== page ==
Turkish Stuffed Flatbread Savory or Sweet (adapted from The Slow Mediterranean Kitchen by Paula Wolfert)
A dear friend of mine is married to a wonderful man from Turkey who also happens to be an awesome cook – I’m angling for some lessons – so, if these aren’t actually very true to Turkish cooking, I’m sure I’ll hear about it. But, they’ll still taste good!
- 1 ½ cups all purpose (or bread) flour
- ½ tsp. salt
- 3 Tbs. olive oil
- 3 tsp. lemon juice
- 5 Tbs. cold water
- You can either combine the ingredients in a food processor or mix them by hand in a bowl. First combine the flour and salt, then mix in the olive oil and lemon juice. Pour in the water while mixing, forming a crumbly dough. Press the dough together into a ball, then knead for a couple of minutes on a very lightly floured surface (if the dough is too dry, add in another splash of water).
- Divide the dough into two equal sized balls, then flatten each into a disk. Rub the disks with a little more olive oil and wrap them in plastic wrap and allow them to chill in the refrigerator over night or up to several days.
- When ready to use, remove the dough from the refrigerator and allow it to return to room temperature. Then, on a lightly floured surface, roll out each disk into a thin (about 1/8 inch thick) circle. It should be over a foot in diameter. To fill and bake the flatbread, see below.
Za’atar greens and fresh mozarella
- 1 large bunch parsley
- 6 cups spinach
- 4 cloves garlic, peeled
- 2 Tbs. olive oil
- 2 tsp. Za’atar
- salt and pepper to taste
- 8 oz. fresh mozzarella, sliced into ¼ inch thick slices
- 4 Tbs. Greek style plain yogurt
- Wash the spinach and parsley and cut off the bottoms of the stems. Steam the spinach, parsley, and whole garlic cloves for 10 minutes, then allow to cool. Squeeze some of the excess water out of the greens, then coarsely chop. Smash the garlic cloves to a paste. In a large sautee pan, heat the olive oil over medium, then add the garlic paste and Za-atar. Stir for a couple of minutes for the spices to release their fragrance, then stir in the chopped greens to coat with the spices. Cook for about 10 minutes, stirring occasionally, until the greens are somewhat dried. Add salt and pepper to taste.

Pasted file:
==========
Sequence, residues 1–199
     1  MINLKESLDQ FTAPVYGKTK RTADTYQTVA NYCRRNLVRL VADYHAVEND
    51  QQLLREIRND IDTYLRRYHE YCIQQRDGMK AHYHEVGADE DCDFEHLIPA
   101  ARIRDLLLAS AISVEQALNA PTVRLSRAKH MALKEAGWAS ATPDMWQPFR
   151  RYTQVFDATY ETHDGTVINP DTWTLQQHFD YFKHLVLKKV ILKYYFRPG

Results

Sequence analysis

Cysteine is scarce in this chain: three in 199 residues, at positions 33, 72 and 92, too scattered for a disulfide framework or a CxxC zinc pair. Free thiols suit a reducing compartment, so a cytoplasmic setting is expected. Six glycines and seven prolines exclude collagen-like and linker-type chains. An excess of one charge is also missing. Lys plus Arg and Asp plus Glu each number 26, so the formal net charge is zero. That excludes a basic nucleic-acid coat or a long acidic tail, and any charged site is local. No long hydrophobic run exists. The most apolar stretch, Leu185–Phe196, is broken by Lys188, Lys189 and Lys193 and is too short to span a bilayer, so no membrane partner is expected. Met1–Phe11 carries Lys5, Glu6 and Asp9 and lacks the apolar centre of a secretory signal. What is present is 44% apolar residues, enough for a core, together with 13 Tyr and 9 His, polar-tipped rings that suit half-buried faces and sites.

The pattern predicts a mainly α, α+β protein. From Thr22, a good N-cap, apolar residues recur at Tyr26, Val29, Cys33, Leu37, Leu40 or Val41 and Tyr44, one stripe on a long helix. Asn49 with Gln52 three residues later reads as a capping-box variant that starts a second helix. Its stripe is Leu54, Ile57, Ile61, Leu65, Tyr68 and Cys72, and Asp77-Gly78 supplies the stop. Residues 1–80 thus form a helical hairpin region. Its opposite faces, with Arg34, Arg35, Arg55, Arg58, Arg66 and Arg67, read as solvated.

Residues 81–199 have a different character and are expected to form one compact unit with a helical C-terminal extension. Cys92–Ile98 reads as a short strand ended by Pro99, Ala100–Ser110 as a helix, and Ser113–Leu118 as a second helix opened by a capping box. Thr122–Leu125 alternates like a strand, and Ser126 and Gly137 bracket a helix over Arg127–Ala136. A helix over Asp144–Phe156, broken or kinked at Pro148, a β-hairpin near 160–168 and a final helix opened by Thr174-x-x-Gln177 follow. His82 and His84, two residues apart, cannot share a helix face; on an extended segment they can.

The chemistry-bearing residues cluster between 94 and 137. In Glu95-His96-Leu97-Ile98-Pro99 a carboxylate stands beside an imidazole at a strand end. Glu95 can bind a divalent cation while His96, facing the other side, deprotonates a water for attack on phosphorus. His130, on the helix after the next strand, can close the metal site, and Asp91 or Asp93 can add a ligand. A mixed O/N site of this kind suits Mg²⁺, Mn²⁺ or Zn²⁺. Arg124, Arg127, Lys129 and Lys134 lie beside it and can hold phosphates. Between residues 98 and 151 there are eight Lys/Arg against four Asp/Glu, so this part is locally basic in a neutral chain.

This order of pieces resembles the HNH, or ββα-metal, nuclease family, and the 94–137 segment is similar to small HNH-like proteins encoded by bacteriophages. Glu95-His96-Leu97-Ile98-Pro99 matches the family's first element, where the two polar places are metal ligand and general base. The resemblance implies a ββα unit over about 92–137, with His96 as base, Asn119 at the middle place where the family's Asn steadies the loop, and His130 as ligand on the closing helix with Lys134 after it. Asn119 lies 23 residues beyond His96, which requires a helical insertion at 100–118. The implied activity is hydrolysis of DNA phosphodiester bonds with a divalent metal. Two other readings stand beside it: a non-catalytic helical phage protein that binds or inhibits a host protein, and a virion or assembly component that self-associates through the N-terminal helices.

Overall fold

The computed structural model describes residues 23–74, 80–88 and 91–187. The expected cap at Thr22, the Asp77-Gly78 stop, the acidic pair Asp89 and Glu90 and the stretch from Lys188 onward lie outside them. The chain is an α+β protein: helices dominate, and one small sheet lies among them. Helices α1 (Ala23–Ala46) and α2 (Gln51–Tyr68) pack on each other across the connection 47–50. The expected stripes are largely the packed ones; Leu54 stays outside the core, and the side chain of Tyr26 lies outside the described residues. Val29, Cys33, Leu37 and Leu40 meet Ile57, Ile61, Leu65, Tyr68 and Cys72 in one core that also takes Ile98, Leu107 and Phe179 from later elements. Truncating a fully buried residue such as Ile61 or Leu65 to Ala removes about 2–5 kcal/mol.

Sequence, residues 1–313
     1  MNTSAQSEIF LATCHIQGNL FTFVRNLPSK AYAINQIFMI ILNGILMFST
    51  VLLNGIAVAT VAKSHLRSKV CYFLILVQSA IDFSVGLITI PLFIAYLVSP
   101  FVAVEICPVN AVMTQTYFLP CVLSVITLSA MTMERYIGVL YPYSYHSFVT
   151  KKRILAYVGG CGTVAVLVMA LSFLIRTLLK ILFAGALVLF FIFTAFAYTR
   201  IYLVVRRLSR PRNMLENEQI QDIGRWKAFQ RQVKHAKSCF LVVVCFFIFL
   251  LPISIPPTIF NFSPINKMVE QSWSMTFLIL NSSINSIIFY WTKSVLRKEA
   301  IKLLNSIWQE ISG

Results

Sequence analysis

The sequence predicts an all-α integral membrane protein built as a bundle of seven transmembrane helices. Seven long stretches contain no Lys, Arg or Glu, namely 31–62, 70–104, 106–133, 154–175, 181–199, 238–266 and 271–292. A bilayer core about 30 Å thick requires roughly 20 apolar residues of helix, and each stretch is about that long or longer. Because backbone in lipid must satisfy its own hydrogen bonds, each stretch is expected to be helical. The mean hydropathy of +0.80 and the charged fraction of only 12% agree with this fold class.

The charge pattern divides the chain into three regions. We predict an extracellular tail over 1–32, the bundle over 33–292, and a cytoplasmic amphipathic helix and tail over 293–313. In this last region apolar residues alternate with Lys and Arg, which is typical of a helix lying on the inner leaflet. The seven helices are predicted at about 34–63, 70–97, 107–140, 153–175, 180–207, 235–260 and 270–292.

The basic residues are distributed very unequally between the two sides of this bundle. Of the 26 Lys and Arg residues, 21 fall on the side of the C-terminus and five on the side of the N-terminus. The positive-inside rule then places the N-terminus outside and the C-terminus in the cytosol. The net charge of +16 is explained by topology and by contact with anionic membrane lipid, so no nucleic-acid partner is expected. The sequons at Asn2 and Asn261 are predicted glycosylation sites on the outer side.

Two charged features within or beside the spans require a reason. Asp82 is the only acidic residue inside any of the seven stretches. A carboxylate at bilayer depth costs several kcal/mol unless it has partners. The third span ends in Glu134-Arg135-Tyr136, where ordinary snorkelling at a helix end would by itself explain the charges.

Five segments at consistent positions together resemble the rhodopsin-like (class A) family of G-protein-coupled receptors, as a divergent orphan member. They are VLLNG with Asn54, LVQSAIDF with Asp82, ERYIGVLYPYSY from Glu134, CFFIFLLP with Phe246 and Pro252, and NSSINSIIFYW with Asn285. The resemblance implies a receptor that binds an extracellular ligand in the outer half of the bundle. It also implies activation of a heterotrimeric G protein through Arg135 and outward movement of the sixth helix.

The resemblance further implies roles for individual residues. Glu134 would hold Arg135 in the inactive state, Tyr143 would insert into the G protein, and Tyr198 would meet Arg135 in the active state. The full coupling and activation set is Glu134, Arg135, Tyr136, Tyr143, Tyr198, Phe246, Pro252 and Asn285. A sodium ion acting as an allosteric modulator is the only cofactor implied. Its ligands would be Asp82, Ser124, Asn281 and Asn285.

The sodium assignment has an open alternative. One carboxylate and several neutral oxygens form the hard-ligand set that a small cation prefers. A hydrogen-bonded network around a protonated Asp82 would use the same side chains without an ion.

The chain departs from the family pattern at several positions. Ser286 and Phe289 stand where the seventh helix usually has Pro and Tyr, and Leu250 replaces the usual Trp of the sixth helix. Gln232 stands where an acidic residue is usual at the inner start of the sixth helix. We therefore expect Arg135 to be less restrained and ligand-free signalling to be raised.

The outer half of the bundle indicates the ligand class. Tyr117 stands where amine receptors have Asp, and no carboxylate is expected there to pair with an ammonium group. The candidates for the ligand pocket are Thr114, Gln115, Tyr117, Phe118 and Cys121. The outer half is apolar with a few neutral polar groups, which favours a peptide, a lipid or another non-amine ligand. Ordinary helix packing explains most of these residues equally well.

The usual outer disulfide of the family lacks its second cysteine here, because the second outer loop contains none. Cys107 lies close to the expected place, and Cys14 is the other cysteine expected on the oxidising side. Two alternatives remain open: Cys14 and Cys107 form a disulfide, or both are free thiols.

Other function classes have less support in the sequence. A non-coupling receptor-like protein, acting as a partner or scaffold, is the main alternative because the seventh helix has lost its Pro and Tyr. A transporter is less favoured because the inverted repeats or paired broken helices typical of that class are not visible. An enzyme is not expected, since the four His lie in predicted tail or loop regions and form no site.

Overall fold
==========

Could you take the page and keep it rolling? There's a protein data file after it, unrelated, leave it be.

- Next, assemble and bake the flatbreads. Preheat the oven to 550F with a pizza stone in it if you have one. On a lightly floured surface, top the bottom rolled out dough round with mozzarella slices leaving a small amount of space around the edges. Spread the greens over the mozzarella. Dot the yogurt all over the top of the greens, then lightly spread it out a bit. Lay the other rolled out dough round on top. Pinch and press the bottom and top edges together to seal (it can help to moisten your fingers a bit).
- Lightly brush the top of the dough with olive oil, and if desired sprinkle with sesame seeds. Make a few short gashes in the center of the top of the bread for steam to escape. Use a pizza peel to move the stuffed dough into the oven onto the pizza stone (if you don’t have a pizza stone, it works fine to make and bake the flatbread on a parchment-lined cookie sheet). Bake, keeping the oven door closed!, for about 10-12 minutes. The bread should be golden with brown splotches (it should be a bit darker than in the photos – I was too impatient!) and the cheese will be bubbling. Remove from the oven, allow to cool slightly, then cut into wedges and serve. A chopped cucumber, tomato, and chickpea salad makes a wonderful accompaniment as does tabbouleh.
Fig and Fresh Mozarella
- Several Tablespoons of fig jam
- 8 oz. fresh mozzarella, sliced into ¼ inch thick slices
- 4 Tbs. Greek style plain yogurt
- Preheat the oven to 550F, with a pizza stone if you have one. Spread the bottom round of dough with jam, leaving a bit of space around the edge. Spread yogurt on top of the jam, then cover with the slices of mozzarella. Lay the top dough circle on top of this, pinch and press the bottom and top edges together to seal (it can help to moisten your fingers a bit). Lightly brush the top of the dough with olive oil, and make a few short gashes in the center of the top of the bread for steam to escape.
- Use a pizza peel to move the stuffed dough into the oven onto the pizza stone (if you don’t have a pizza stone, it works fine to make and bake the flatbread on a greased cookie sheet). Bake, keeping the oven door closed(!), for about 10-12 minutes. The bread will be golden with brown splotches and the cheese will be bubbling. Allow to cool slightly so you don’t burn your mouth to pieces, then slice like a pizza, and serve.